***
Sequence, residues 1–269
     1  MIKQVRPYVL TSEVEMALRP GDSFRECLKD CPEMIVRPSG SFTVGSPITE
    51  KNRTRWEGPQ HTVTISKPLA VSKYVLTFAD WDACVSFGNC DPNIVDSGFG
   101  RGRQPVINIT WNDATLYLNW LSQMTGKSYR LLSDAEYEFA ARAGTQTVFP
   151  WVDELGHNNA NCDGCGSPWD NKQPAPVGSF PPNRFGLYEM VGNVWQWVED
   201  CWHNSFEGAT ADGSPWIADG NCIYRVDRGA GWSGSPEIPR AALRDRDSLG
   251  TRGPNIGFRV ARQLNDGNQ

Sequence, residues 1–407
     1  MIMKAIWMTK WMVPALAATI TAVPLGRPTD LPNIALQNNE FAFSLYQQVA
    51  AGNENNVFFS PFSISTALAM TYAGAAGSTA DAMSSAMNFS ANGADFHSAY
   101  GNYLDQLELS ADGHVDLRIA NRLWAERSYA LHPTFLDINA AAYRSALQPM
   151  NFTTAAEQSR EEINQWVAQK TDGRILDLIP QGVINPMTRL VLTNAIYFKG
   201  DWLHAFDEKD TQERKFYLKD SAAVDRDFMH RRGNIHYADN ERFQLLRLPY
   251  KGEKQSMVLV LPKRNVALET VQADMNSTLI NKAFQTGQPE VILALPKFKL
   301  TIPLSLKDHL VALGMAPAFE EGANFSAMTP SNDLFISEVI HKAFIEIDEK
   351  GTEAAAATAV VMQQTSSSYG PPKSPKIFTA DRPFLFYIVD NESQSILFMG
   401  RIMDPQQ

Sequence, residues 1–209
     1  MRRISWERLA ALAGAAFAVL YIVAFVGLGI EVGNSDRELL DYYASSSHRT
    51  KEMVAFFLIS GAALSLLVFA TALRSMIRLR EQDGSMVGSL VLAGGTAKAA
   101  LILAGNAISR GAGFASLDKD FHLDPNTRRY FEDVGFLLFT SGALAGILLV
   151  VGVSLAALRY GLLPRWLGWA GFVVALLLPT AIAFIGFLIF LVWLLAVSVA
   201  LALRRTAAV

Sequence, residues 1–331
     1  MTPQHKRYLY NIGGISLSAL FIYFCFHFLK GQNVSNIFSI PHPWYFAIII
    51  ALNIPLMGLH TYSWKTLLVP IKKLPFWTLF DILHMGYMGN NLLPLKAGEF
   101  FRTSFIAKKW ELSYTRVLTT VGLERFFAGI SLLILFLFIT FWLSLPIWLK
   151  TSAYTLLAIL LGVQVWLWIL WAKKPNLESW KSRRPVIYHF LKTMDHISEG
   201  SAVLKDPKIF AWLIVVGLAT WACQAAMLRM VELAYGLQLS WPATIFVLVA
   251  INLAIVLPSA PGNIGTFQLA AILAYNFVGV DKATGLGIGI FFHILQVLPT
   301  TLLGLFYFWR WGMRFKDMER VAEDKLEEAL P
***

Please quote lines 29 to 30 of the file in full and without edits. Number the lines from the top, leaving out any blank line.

   201  SAVLKDPKIF AWLIVVGLAT WACQAAMLRM VELAYGLQLS WPATIFVLVA
   251  INLAIVLPSA PGNIGTFQLA AILAYNFVGV DKATGLGIGI FFHILQVLPT